1. Food

    Use transparent containers! Instead of opaque boxes, use transparent glass or plastic containers. Seeing the available options in the fridge helps not to forget about leftovers. For instance, empty jars of marmalade or beetroot can be easily repurposed for food leftovers.
    Better weekly planning of meals also helps not to waste ingredients or remainings. If all fails, a compost bin can help out, even available specifically designed for apartments.
    A harder step can be reducing, minimizing or even eliminating meat products from the menu—for Susanne, being vegetarian most of her life, this part goes easier than for meat lovers.

  2. Consumption

    When it comes to consumption, it's important to ask ourselves: Do I really need this? To set an example, Susanne committed herself to only buy 5 new things for herself (clothes, shoes, etc) in 2019. So far so good, her count is zero by April.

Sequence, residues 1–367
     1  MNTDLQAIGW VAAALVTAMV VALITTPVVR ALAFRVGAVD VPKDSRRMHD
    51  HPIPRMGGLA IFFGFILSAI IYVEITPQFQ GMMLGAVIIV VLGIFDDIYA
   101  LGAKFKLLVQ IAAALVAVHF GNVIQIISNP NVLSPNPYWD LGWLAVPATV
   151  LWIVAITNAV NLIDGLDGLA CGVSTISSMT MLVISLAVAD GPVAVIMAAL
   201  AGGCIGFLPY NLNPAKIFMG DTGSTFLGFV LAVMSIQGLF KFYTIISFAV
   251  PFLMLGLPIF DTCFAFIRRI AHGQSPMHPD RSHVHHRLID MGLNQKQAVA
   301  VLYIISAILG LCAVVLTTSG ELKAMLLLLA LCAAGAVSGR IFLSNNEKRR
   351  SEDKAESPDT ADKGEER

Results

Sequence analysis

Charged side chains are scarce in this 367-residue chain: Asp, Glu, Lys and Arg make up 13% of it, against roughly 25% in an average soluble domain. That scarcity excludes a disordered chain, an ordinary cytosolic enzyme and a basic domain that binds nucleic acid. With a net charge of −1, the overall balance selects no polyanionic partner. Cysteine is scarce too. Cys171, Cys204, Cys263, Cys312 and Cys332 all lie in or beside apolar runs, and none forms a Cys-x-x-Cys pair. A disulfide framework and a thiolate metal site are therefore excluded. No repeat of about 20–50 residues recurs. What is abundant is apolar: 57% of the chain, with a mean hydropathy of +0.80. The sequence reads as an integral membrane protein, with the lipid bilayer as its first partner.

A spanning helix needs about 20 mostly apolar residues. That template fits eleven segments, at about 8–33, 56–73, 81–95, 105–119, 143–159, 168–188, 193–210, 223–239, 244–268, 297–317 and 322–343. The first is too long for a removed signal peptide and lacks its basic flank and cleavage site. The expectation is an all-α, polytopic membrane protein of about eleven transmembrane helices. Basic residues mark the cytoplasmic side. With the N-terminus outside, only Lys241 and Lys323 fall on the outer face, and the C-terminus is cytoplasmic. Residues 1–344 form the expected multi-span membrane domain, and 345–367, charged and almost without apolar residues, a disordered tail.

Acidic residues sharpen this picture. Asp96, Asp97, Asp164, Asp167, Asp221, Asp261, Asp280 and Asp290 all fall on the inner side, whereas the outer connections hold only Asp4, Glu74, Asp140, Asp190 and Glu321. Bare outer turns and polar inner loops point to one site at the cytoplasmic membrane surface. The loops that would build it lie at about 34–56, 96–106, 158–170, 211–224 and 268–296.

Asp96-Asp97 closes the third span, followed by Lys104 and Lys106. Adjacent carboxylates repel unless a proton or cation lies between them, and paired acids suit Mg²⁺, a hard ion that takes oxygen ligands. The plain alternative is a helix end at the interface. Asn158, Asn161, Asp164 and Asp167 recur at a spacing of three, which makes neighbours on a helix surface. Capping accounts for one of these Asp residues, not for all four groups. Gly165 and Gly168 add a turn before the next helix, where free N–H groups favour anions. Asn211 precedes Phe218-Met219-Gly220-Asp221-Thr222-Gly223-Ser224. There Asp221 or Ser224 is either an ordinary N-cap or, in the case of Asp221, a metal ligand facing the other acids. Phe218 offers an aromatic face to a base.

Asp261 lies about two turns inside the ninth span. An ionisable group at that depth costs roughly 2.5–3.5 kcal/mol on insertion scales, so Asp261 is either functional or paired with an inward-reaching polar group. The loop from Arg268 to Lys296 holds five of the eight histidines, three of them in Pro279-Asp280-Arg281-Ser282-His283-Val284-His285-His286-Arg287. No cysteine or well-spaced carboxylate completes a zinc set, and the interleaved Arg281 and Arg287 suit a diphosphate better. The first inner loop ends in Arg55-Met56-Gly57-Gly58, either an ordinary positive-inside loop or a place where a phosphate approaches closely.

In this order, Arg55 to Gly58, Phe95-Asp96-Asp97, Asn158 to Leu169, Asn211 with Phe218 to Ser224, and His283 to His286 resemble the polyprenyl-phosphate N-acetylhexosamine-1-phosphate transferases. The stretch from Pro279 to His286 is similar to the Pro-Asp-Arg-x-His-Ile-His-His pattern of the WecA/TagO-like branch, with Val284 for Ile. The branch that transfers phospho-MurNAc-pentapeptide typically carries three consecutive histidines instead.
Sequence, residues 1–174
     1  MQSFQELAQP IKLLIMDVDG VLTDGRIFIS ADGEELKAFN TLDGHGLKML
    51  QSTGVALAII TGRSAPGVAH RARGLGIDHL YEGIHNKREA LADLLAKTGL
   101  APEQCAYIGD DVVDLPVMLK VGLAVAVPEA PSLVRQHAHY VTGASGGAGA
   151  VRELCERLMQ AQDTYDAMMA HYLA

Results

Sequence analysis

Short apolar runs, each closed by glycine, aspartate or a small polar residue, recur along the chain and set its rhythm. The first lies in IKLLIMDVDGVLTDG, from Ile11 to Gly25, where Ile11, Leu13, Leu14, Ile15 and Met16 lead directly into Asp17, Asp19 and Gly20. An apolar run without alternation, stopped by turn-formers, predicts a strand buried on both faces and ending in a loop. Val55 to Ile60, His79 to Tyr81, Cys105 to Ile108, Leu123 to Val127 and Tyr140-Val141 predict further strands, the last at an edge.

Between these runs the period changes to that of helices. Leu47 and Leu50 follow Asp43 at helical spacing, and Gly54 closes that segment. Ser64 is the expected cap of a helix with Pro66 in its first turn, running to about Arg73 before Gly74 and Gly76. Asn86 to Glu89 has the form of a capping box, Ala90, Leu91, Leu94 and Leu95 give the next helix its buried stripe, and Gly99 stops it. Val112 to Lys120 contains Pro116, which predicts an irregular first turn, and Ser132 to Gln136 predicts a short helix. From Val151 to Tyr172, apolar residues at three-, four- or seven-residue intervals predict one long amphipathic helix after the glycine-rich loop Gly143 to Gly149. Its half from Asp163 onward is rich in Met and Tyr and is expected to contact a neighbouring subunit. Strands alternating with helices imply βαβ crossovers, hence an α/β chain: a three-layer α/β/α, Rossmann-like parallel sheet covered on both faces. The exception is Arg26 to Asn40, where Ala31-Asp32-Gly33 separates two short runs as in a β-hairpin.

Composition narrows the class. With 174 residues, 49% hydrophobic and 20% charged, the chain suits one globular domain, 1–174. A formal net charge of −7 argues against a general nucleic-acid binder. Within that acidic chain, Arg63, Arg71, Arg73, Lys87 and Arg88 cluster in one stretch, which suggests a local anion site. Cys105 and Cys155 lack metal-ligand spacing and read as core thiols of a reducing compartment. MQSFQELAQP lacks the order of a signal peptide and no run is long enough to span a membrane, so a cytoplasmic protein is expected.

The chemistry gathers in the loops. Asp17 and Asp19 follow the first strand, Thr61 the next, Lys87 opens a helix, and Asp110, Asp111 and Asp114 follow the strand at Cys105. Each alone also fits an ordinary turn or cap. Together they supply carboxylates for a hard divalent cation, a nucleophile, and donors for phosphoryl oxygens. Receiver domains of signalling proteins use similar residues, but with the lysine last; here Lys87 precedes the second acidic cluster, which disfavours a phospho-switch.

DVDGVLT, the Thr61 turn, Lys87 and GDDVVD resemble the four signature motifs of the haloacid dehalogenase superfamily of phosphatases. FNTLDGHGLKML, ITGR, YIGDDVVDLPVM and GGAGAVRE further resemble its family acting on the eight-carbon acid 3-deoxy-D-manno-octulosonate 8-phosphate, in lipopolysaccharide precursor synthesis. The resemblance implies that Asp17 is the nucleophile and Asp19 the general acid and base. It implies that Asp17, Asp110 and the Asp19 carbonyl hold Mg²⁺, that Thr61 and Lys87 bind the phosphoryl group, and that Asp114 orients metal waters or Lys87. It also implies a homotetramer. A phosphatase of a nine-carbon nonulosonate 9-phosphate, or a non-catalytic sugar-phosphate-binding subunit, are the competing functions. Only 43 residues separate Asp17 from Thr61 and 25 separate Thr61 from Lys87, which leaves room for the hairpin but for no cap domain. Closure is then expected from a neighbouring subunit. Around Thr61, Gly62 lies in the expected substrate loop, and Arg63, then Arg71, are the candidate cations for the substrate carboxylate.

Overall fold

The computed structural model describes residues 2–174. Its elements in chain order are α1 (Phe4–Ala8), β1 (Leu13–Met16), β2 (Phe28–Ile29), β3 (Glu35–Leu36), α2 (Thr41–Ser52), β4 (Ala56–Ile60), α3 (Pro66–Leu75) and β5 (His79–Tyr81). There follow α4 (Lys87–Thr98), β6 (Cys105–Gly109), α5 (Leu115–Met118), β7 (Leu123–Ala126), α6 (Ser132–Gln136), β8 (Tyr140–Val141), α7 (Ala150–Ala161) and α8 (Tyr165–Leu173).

Even the most conscious climate supporters can end up with things they don't like that much at the end of the day. Try to transform it into something you can actually use!
    Reduce single-use plastic items! Do you also have a drawer in your kitchen, filled with different plastic wraps and bags? Reusable alternatives are getting wide-spread on the market, including waxed textile wraps and washable straws.

  3. Home environment

    Is your household environment-conscious? As a rule of thumb: don't use more energy than you actually need—let it be lights, household appliances or entertainment devices.
    Water consumption is probably the part that we are the most often reminded about by the water bills at least. To save even more water, Susanne ran ahead and invested in a special shower head. It mixes water with oxygen, thus using less water. It is noisier than a regular one but on the bright side, it keeps the same feeling of water pressure. A more conscious, sustainable lifestyle can also help you spare some money on bills!

  4. Transportation